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Southern China to Tape Entire Population

Illustration for article titled Southern China to Tape Entire Population

China, in an effort to curb criminal activity, is installing 20,000 cameras in Shenzen. Cameras will track the city's 12.4 million people, and are fitted with software from American firm that promises to automatically detect the faces of those breaking the law.

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But there's more: 180,000 other cameras are constantly filming in Shenzen, many closed for business use only. These cameras can be tied in with the police system for literally 10 times the cameras hooked to the system.

Citizens of Shenzen will also soon be required to carry ID cards that include normal name and address, but also "work history, educational background, religion, ethnicity, police record, medical insurance status...even personal 'reproductive' history," the NY times explains.

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Yes, it's totally the stuff of Big Brother. But honestly, I don't mind public cameras staring at me. It's the ones hidden in locker rooms I'm worried about (not that I'll be taped, but that someone will find it and track my signal). [nyt via boingboing]

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DISCUSSION

Ideas like these...*sigh*: "Yup, that's around 8x more than the rest of the world combined. I'd say it's just as worse as Stalin. They have some right to go around and live, but really, what kind of life is it trapped in a super condensed city working your whole life for a dollar a day in a heavily polluted 20 million person quagmire more dense than Mexico City?"

First of all, check your figures. If you're going to compare the China of recent history to something anachronistic like Stalin, at least do your homework and pick on Mao. Stalin cost MILLIONS of people their lives, as did Mao. The modern Chinese government? I don't think so. And more than 1 camera for every 10 people in China? Really? You're claiming more than 130 million cameras in China wired into a security surveillance grid of some sort? Where do you find that information?

OK, I didn't want to have to play this card. I lived in China. I go back to visit frequently. I have relatives in China now. They've got a pretty nice life I'd say, despite their setbacks during the cultural revolution. Nice spacious apartments? Check. Modern bourgeois trappings like LCD TVs, broadband connections, and even cars? Check. Excited about China reinventing itself slowly for the future? Check.

Granted, my relatives are in the "upper-middle" class range in Shanghai, which puts them in the fairly high percentiles of Chinese population as a whole but not everybody is working for a dollar a day (and haven't been for a while, which is why labor in China is getting more and more expensive).

The point isn't that China is great or bad or that the US is better or worse. The point isn't even that your comments are supremely biased because they have a right to be and you have a right to voice them. But what you base your opinions on aren't very well supported. The fact that you can't get a simple name of one of the most important events of a country you're broadly criticizing pretty much dooms your credibility. And "w/e it sounds aisian[sic]"? Nice. Real classy.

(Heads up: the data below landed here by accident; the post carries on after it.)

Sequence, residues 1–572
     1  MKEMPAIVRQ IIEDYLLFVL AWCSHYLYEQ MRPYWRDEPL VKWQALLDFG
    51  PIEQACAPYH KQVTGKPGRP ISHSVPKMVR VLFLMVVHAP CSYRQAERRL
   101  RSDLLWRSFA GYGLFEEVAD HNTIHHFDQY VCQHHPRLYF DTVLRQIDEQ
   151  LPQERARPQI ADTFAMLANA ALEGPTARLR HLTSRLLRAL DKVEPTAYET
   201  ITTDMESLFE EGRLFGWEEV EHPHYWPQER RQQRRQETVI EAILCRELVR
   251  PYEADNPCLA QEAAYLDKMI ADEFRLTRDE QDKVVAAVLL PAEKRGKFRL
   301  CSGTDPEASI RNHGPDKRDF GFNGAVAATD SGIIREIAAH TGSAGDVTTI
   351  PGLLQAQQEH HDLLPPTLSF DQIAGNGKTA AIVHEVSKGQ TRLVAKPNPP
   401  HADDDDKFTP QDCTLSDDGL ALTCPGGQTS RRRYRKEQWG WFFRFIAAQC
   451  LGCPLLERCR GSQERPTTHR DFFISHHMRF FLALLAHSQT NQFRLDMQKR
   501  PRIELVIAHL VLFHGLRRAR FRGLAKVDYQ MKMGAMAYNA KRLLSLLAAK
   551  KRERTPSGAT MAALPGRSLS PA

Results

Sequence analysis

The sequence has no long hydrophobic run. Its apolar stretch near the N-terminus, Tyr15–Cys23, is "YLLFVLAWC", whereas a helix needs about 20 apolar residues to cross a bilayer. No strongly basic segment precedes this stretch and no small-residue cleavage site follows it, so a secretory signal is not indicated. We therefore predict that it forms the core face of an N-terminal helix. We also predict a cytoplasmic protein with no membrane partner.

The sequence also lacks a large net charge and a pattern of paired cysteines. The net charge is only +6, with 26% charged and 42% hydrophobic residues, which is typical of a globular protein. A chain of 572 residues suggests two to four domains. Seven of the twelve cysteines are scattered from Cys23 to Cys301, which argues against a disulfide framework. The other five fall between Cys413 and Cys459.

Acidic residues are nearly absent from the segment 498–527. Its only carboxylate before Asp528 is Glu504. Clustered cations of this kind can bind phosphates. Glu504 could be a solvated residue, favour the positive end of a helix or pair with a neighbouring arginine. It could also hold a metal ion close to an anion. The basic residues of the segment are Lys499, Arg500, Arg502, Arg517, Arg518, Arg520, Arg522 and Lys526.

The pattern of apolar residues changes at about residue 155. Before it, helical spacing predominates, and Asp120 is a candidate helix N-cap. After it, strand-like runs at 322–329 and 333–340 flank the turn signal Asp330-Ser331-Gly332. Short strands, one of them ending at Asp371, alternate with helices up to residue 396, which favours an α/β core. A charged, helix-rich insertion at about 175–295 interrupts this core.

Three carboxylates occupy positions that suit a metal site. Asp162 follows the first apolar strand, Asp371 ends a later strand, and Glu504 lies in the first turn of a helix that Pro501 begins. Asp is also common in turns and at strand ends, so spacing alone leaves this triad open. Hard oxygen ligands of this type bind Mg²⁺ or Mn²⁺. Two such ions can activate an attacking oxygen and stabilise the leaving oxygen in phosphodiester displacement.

While I'm on this thread: George Bush can not throw you in jail just for speaking your mind, you're right about that. He can only throw you in jail for doing something illegal, you're right about that too. He can, however, make a law (and he has) that makes it illegal for you to speak your mind in certain ways, for which he can then throw you in jail. The patriot act smacks of the Alien and Sedition Acts of yore and those were revoked for good reasons.

Getting the **** beat out of you is illegal for whoever is doing the **** beating. The first amendment does not endow anybody with the "right" to injury. That's so backwards I don't even know where to start.

My god, this is fun: "If you are caught doing something suspicious you will be monitored. If you no longer do something suspicious you will no longer be monitored." If you are not monitored, how can you be caught doing something suspicious? If you are not monitored, how do they know you are no longer doing something suspicious?

I've nearly made up my mind about you and I'm sure you've already made up your mind about me. Respond if you want but at this point it's already pointless to argue. I'm Chinese. I like the US (if I didn't I wouldn't be living here). It's better than China in many many quantifiable ways but it also has its own problems. There's no debate there. But that still doesn't mean that it's productive to point fingers from a supposed moral high ground or excuse ignorant comments.

—Somebody Chinese, or Asian, or "w/e"